Apart from that, Bitcoin is most likely already crowded out from the DarkNet transactions. Many genuinely anonymous currencies have appeared since Bitcoin had been actively used in the dark web at the dawn of its life. Obviously, Bitcoin won't be able to make it back into the DarkNet. The throne is never empty, and it's already taken. So if Bitcoin speculative part is removed, how much will remain of its price? Even with respect to merchants, Litecoin is ready to take Bitcoin's place, and if Bitcoin becomes toxic thanks to disagreements and confrontations in its camp, merchants will likely stop using it


Title: Re: Is Bitcoin A Bubble? Why many people are looking at this through the wrong lens
Post by: Hydrogen on June 03, 2017, 07:08:53 PM
Equity value is tied to a balance sheet of ______.

Currency value is tied to the balance sheet of a nation.

The USA being $20 trillion in debt can be a case for the US dollar being a bubble.

The european union being $12 trillion in debt can be a case for the euro being a bubble.

Currency bubbles do exist similar to equity bubbles.

That said he made a very good point about the unlikelihood of sellers outnumbering buyers due to many btc users being long term buy & hold.


Title: Re: Is Bitcoin A Bubble? Why many people are looking at this through the wrong lens
Post by: pitham1 on June 04, 2017, 03:09:34 AM
Equity value is tied to a balance sheet of ______.
Currency value is tied to the balance sheet of a nation.
The USA being $20 trillion in debt can be a case for the US dollar being a bubble.
The european union being $12 trillion in debt can be a case for the euro being a bubble.
Currency bubbles do exist similar to equity bubbles.
That said he made a very good point about the unlikelihood of sellers outnumbering buyers due to many btc users being long term buy & hold.

The number of sellers and buyers depends on the price. When the price of Bitcoin hit $1300 in 2013, the number of sellers easily outnumbered the buyers. If the price hits $10k this year, I am sure you will see truckloads of sellers.


Title: Re: Is Bitcoin A Bubble? Why many people are looking at this through the wrong lens
Post by: pinkflower on June 05, 2017, 07:49:26 AM
Not quite, he is saying that it depends on # of buyers vs. # of sellers at any given moment.  Speculation creates value, and this in turn creates more demand, mainstream media attention, etc. A fast run-up in price doesn't make a bubble. Bitcoin has and will continue to attract media attention and more of the general population.  It's healthy to have these waves of price increases, it means that the media is influencing a larger number of people and turning them into buyers aka demand-creators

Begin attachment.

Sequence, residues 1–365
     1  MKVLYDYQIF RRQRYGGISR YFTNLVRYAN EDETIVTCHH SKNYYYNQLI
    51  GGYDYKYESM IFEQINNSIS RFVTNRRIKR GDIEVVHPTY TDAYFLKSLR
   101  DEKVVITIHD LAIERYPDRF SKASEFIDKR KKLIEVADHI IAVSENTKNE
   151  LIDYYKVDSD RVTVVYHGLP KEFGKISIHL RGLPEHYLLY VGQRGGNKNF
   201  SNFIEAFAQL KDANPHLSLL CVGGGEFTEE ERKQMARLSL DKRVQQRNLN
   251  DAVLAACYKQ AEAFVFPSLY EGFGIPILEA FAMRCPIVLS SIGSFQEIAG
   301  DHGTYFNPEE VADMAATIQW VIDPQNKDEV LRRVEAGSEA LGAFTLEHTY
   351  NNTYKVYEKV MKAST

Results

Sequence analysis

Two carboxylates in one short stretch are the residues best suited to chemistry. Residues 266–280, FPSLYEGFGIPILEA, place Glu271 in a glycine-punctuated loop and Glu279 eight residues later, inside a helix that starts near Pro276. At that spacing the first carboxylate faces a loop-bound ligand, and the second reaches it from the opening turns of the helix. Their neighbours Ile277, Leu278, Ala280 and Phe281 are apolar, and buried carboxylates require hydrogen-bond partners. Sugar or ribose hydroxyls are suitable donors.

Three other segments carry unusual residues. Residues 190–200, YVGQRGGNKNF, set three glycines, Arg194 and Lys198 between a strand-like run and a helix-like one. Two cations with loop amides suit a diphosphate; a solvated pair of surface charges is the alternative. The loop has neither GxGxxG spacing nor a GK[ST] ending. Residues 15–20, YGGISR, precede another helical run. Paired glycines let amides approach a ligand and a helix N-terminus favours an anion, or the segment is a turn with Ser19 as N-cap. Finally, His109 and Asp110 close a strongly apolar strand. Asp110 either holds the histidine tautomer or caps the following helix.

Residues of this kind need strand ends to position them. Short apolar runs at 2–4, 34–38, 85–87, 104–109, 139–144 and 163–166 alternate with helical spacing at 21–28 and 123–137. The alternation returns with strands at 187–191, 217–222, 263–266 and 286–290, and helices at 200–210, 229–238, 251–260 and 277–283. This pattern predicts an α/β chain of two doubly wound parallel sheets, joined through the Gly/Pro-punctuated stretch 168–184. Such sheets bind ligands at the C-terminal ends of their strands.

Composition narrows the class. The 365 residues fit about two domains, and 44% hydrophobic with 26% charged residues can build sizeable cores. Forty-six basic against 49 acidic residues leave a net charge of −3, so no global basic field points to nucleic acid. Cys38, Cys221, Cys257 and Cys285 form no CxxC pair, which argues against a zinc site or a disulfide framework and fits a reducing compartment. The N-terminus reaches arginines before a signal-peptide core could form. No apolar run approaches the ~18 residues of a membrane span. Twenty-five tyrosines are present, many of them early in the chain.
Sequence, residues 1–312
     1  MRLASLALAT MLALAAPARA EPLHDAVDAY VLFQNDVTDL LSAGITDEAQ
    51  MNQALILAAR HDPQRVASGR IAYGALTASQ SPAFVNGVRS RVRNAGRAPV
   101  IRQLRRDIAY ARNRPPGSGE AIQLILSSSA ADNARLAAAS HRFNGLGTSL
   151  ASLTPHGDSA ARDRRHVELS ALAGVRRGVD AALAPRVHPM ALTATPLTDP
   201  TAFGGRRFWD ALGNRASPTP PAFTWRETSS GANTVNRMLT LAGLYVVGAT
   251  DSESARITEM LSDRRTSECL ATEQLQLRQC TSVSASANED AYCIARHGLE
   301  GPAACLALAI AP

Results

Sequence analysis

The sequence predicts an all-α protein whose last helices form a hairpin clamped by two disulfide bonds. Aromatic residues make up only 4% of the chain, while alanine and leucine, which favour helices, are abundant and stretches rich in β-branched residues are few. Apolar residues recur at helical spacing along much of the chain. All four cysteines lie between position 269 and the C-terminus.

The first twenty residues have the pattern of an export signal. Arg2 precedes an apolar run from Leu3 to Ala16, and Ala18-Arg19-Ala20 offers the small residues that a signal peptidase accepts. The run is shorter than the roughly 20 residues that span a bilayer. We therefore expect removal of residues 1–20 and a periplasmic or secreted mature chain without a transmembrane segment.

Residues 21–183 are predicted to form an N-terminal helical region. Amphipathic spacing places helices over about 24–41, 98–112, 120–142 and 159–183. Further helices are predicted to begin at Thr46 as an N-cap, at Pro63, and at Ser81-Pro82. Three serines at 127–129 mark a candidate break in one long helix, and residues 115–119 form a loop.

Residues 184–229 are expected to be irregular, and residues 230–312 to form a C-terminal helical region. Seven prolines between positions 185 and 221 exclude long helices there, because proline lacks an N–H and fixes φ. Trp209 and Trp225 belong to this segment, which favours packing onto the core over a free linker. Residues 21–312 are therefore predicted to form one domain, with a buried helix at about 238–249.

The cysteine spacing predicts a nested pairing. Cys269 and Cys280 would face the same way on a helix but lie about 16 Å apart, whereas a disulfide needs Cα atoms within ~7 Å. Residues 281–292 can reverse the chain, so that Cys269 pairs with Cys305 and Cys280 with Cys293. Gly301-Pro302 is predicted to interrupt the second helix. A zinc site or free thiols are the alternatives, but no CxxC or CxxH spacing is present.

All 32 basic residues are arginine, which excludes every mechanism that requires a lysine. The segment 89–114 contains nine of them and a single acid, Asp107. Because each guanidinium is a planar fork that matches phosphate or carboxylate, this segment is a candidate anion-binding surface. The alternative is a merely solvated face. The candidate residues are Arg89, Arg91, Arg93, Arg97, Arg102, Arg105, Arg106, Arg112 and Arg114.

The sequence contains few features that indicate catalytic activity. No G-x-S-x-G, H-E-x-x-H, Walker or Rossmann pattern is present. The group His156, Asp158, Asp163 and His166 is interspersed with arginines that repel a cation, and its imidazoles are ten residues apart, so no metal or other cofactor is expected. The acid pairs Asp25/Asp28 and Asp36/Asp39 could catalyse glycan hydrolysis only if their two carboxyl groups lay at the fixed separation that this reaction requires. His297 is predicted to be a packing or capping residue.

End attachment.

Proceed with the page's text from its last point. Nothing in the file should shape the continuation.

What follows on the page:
So meaning all that value comes from speculation, like the dotcom bubble. Thats a very dangerous spot to be in because it could all start going south. What we would rather much be seeing is the growth of unique users and the growth of transactions or usage instead of the growth in price

That's why Bitcoin can hardly be called an investment

I guess many would disagree with that statement but is there anyone who would call pouring your money into a Ponzy scheme or HYIP shebang an investment? Unless Bitcoin becomes a currency in its own right, it will remain in the state of a "financial pyramid" mainly. As long as it expands, its price could rise as well, but it can't expand indefinitely if it is set to remain only that, i.e. a highly speculative asset. That's likely another reason why we see so much confrontation in the Bitcoin camp right now

Thats true but BTC is already a currency in its own right. There are already many people using it in the darknet. All the commerce happening in there could only expand with the help of cryptocurrencies. But having said that, theres still a lot more speculators in the market speculating and making BTC overpriced

Most people care only for the speculative value of Bitcoin

Apart from that, Bitcoin is most likely already crowded out from the DarkNet transactions. Many genuinely anonymous currencies have appeared since Bitcoin had been actively used in the dark web at the dawn of its life. Obviously, Bitcoin won't be able to make it back into the DarkNet. The throne is never empty, and it's already taken. So if Bitcoin speculative part is removed, how much will remain of its price? Even with respect to merchants, Litecoin is ready to take Bitcoin's place, and if Bitcoin becomes toxic thanks to disagreements and confrontations in its camp, merchants will likely stop using it